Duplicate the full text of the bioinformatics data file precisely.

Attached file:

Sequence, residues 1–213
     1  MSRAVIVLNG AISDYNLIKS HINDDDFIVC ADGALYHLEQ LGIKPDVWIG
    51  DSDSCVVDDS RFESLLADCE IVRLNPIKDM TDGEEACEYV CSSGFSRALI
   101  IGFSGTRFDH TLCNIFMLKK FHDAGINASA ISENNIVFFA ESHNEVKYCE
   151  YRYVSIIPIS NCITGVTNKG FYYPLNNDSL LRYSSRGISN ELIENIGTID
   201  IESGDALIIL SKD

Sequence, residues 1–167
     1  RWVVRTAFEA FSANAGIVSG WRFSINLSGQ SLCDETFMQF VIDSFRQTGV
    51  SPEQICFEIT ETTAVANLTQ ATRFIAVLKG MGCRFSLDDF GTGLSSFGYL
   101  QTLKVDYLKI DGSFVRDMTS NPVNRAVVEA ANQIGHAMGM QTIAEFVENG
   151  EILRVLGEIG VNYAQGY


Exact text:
Sequence, residues 1–213
     1  MSRAVIVLNG AISDYNLIKS HINDDDFIVC ADGALYHLEQ LGIKPDVWIG
    51  DSDSCVVDDS RFESLLADCE IVRLNPIKDM TDGEEACEYV CSSGFSRALI
   101  IGFSGTRFDH TLCNIFMLKK FHDAGINASA ISENNIVFFA ESHNEVKYCE
   151  YRYVSIIPIS NCITGVTNKG FYYPLNNDSL LRYSSRGISN ELIENIGTID
   201  IESGDALIIL SKD

Sequence, residues 1–167
     1  RWVVRTAFEA FSANAGIVSG WRFSINLSGQ SLCDETFMQF VIDSFRQTGV
    51  SPEQICFEIT ETTAVANLTQ ATRFIAVLKG MGCRFSLDDF GTGLSSFGYL
   101  QTLKVDYLKI DGSFVRDMTS NPVNRAVVEA ANQIGHAMGM QTIAEFVENG
   151  EILRVLGEIG VNYAQGY